At Liquor Lab in New York, Nate Fishman says that they often need to find ways to use up citrus. As a "social mixology experience" they don't have the daily hours of operations that traditional bars do, so there are times when citrus juice/fruit won't get used before it goes off.
To make use of citrus fruit that won't be juiced, first they make dehydrated citrus wheels. Then if they still have more citrus than they can use, they do a combination technique to make both flavored syrups and caramelized citrus wheels.
Fishman writes, "We take the leftover citrus wheels and macerate them with different sugars, similar to an Oleo Saccharum but we use the citrus meat as well as the rind. We match our citrus with these sugars based on their flavor profile."
Orange with Muscovado - We pair the Muscovado with orange due to its strong molasses content.
Grapefruit with Demerara - As the grapefruit is used in lighter cocktails we use a lighter sugar in Demerara.
Lemon & Lime with Granulated Sugar - Lemon and lime are our most used citrus and we pair them with granulated sugar due to its light profile and ability to take on the citrus flavor without adding the molasses flavor of unrefined sugar.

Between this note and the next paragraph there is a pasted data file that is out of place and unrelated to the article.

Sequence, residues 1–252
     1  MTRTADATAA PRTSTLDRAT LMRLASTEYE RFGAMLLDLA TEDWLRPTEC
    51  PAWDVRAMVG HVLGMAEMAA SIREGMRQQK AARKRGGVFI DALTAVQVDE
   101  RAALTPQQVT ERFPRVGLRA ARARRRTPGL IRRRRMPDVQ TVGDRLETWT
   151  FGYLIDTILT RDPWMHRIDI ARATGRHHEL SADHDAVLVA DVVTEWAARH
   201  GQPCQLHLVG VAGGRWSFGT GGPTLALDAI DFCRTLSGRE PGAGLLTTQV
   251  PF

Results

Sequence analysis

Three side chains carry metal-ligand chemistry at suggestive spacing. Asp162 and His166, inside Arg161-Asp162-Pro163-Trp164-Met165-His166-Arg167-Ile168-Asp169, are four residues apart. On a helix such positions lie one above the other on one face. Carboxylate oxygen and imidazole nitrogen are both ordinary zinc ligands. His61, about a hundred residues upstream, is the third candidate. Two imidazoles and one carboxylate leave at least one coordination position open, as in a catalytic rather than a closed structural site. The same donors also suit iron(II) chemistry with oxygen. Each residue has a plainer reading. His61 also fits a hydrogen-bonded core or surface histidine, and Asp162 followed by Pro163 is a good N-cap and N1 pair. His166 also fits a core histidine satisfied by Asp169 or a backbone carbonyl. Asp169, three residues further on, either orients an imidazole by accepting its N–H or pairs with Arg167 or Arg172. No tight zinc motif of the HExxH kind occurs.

All of the macerations can be made using the following.
Fill a container (usually 8 quart but any size will do) with leftover citrus wheels.
Cover with sugar.
Seal and let sit at room temperature for at least two days.
The mixture will start to liquify gradually.
Once all the sugar has dissolved strain out the leftover citrus wheels.
Date the syrup and store in the refrigerator up to two weeks.
To make caramelized citrus wheel garnishes:
Use the sugar/syrup-dipped citrus wheels form above.
Put them in the oven at 175F/80C for about 24 hours.
Below is a cocktail that uses both the flavored syrup and the caramelized citrus wheel garnish.
Añejo Old Fashioned
2 oz Santera Añejo Tequila
1/4 oz Orange Demerara Syrup
2 dashes Angostura Bitters
Stir / Rocks / Dehydrated caramelized orange wheel garnish